It happens all of the time, after marriage spouses change and they sometimes grow apart. The spouses were managing to cohabitate just fine until one of the spouses cheats, and the other discovers the affair. The pain is too much for the innocent spouse to bear and the marriage heads towards divorce.
If your marriage is over because of infidelity, you may be wondering if the affair will have an impact on alimony.
Will the court consider evidence of cheating?
In a word, no. California is a no-fault divorce state, meaning you can divorce because of irreconcilable differences, you don't need to testify that your marriage was ruined because of cheating.
You won't be asked to testify as to "why" your marriage has failed, the only thing that matters to the court is that it's over, and that at least one of you believes that it can't be saved.
While fault-based states are more traditional and may punish a cheating spouse by denying them spousal support, or insisting that they pay it, California takes the modern no-fault approach.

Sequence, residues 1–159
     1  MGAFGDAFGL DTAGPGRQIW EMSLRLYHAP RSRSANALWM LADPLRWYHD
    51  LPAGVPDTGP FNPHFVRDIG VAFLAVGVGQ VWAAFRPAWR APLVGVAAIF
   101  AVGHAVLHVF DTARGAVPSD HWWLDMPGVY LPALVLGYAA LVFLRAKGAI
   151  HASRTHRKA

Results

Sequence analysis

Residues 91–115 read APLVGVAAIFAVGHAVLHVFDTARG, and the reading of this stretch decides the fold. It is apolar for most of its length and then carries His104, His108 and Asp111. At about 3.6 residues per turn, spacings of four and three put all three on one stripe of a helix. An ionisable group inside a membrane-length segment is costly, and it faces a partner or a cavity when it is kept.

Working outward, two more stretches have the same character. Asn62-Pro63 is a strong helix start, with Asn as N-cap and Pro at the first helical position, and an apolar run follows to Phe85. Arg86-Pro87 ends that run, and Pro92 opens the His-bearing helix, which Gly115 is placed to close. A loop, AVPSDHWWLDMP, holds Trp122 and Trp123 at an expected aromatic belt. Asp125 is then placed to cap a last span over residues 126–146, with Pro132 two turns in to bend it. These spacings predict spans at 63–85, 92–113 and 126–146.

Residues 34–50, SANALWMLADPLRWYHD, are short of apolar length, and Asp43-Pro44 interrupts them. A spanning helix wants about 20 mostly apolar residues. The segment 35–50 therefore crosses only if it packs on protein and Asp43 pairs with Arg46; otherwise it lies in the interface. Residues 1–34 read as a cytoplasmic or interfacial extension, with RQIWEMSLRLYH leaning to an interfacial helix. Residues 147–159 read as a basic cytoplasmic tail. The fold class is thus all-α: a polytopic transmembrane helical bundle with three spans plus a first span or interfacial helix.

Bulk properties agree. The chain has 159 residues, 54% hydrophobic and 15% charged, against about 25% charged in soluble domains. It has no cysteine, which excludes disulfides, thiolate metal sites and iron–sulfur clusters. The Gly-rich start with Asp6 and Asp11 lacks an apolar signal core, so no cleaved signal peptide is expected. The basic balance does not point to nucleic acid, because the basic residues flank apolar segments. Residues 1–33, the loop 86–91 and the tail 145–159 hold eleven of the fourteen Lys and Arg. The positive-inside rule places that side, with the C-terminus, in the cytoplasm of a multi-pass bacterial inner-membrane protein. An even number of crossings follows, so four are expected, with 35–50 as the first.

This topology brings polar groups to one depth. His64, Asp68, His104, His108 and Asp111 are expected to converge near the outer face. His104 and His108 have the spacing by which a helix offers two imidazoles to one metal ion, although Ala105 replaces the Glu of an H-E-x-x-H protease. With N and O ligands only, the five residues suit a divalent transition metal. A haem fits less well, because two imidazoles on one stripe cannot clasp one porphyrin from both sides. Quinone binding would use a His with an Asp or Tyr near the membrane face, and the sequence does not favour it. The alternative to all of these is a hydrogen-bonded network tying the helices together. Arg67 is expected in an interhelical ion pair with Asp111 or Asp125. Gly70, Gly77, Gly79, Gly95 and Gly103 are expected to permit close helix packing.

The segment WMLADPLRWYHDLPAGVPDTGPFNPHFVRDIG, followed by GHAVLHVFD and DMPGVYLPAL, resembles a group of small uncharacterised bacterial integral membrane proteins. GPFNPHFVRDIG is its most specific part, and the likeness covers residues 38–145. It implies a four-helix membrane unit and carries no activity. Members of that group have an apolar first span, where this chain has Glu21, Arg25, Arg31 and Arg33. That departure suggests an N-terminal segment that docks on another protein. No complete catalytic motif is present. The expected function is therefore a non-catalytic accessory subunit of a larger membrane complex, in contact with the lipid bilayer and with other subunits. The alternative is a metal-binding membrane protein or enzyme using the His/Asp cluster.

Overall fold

So, if you have been gathering racy text messages, emails, credit card receipts, Facebook messages, or even photographs documenting your spouse's affair, they won't be any use in the courtroom.
In a fault-based state, the divorce papers could say that a divorce was granted due to marital conduct, or in this case adultery. However, California courts will not consider any evidence of a spouse's cheating, or any other kind of fault when granting a divorce.
Adultery & Spousal Support
Spousal support is money paid by one spouse to the other spouse during and after a divorce. The purpose of spousal support is to ensure that the lower-earning spouse does not fall into poverty because of the divorce.
Alimony or spousal support is awarded on a case-by-case basis, and awarding alimony is at the judge's discretion. Do judges consider marital misconduct when ordering deciding on alimony?
Generally, no they do not. They do however, consider evidence of domestic violence in a marriage. If a spouse was convicted of domestic violence, the judge may decide to reduce or eliminate any alimony that the abusive spouse would have been entitled to receive.
Searching for an Encino divorce attorney? Contact Cutter & Lax to schedule your initial consultation.